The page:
The MMRA has created a “Preferential Parking Primer” on its website to aid residents seeking Preferential Parking for their block and for those who desire to change their respective permit parking restrictions.

For additional information:

Gibson Transportation Consulting, Inc.: Miracle Mile Study Graphics and Charts

Larchmont Buzz: Wilshire-Detroit Parking Lot Closure

KPCC – Southern California Public Radio: People Finding their ‘Waze’ to Jamming Once-Hidden Streets

First Academy Museum Public Hearing Held


First Academy Museum Public Hearing Held

MMRA Protests Digital Sign District, Special Events Center,
and Lack of Parking

On March 16, 2015 the first public hearing on the proposed Academy Museum of Motion Pictures and special events center was held at City Hall. Hearing Officer Luciralia Ibarra took public testimony on the many zone changes, variances, and special approvals the Academy of Motion Picture Arts and Sciences is seeking. The new museum and events venue will transform the former May Co. at the northeast corner of Wilshire Boulevard and Fairfax Avenue.

The Miracle Mile Residential Association [MMRA] supports readapting the May Co. building for use as a motion picture museum. However, we strongly oppose the Academy’s request for the creation of a digital sign district, which circumvents the hard-won guidelines of the Miracle Mile Community Design Overlay District and will convert the historic landmark into an electronic billboard. We also oppose the demolition of one-third of the historic building to make room for an adjoining 1,000-seat theater that will be heavily promoted for celebrity premieres, screenings, and large events.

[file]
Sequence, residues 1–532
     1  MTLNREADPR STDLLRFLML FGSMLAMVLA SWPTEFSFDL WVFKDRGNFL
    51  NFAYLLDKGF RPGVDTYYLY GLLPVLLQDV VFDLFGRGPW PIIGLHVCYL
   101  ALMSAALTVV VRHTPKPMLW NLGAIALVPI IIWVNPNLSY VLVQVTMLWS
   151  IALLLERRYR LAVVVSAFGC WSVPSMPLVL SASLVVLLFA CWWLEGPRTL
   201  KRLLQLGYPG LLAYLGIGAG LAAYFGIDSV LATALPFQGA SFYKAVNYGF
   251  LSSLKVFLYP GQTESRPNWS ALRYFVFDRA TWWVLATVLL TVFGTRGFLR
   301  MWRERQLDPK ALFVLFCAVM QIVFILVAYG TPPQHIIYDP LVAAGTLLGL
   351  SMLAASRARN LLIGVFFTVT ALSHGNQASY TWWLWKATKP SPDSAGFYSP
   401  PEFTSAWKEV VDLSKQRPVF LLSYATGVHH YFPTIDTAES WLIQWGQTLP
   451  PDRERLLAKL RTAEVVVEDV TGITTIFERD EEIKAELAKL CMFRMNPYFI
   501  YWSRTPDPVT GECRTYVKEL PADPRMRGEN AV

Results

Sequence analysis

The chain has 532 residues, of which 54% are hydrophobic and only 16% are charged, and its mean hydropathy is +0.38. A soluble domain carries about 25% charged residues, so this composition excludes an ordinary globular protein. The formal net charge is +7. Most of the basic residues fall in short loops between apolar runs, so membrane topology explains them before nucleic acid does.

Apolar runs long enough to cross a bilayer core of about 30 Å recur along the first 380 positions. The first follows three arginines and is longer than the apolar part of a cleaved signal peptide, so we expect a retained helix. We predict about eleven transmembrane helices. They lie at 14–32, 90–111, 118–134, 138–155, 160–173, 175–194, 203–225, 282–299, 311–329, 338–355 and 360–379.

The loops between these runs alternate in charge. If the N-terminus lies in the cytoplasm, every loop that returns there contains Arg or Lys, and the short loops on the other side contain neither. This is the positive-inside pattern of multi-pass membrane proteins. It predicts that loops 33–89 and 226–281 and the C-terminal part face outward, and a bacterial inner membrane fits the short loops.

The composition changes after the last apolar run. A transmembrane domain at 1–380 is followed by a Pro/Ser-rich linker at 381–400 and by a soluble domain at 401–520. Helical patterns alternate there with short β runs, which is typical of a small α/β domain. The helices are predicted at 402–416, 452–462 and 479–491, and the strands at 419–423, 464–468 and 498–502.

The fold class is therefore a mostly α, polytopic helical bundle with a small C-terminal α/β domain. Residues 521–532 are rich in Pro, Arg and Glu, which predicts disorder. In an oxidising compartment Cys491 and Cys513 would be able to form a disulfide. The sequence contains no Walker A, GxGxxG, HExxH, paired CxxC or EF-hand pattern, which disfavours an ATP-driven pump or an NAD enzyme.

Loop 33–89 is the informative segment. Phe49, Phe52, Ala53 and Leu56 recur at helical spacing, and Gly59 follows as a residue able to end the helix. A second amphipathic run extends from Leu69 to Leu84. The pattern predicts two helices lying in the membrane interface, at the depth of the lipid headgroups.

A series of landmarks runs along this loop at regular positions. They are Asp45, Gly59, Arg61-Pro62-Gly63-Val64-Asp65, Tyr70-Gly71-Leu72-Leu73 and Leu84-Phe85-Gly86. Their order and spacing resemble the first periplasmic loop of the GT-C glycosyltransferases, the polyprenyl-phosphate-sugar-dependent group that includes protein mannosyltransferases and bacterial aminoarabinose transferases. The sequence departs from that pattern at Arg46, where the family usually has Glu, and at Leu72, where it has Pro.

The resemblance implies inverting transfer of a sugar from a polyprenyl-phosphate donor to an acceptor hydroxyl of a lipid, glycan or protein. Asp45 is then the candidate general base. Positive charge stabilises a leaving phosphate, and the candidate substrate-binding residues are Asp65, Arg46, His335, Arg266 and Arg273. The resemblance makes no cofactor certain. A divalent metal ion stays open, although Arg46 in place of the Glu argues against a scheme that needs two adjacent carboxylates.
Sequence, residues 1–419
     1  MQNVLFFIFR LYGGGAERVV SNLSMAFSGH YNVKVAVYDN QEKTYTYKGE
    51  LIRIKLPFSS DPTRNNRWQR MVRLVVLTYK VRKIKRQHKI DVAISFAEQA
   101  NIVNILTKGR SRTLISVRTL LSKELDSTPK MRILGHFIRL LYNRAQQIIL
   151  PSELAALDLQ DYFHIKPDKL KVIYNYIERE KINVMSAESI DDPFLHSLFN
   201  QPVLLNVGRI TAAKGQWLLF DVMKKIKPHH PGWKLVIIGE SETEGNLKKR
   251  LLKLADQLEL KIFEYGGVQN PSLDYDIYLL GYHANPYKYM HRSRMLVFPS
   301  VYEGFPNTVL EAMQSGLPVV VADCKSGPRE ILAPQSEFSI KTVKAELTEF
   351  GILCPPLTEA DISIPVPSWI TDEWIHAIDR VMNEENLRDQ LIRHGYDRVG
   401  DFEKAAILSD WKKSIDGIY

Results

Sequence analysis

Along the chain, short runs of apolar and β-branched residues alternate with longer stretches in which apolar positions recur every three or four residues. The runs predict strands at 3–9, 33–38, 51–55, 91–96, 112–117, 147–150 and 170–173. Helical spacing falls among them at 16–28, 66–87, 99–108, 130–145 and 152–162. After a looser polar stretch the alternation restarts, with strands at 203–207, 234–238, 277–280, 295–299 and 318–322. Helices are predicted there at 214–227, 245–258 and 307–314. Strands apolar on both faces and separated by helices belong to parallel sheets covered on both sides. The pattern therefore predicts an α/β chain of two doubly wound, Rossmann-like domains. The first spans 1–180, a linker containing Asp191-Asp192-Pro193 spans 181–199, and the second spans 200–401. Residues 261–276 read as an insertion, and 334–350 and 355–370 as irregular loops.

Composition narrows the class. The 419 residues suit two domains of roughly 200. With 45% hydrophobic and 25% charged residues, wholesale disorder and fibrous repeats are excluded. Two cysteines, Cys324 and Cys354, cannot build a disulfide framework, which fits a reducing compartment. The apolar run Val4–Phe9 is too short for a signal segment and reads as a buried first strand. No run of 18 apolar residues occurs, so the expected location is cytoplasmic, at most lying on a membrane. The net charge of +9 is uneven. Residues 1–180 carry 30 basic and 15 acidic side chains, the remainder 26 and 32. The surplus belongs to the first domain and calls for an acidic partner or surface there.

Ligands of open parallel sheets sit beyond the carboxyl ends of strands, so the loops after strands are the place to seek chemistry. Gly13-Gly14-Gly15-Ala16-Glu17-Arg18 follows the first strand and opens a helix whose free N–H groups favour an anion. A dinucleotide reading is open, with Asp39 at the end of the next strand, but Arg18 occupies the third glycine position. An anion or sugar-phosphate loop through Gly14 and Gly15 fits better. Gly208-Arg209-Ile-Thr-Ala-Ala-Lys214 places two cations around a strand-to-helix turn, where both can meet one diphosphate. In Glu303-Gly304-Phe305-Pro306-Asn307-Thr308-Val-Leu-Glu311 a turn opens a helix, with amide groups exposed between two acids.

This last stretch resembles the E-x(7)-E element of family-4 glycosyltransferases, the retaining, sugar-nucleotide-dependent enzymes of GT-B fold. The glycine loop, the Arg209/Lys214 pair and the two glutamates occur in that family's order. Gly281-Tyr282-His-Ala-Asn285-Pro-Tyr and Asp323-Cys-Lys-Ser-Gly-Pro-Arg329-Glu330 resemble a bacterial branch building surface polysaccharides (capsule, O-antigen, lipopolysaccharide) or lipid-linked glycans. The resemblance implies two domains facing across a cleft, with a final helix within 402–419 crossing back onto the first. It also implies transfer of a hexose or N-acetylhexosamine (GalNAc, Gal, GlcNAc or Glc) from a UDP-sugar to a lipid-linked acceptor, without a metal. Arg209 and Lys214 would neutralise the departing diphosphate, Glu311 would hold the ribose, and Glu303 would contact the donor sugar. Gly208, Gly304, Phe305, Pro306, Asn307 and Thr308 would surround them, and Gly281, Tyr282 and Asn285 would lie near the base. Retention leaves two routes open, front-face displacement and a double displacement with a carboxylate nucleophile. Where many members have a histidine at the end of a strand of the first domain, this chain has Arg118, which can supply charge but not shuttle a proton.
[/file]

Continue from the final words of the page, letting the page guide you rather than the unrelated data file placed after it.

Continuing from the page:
Architectural critics have described the project as “a special events center masquerading as a museum.” The array of variances, zoning changes, and conditional use permits requested by the Academy lends credence to this charge: How many museums require catering facilities to host private affairs for 1,350 people? Or rooftop terraces seating 800 people? Or their very own digital sign district?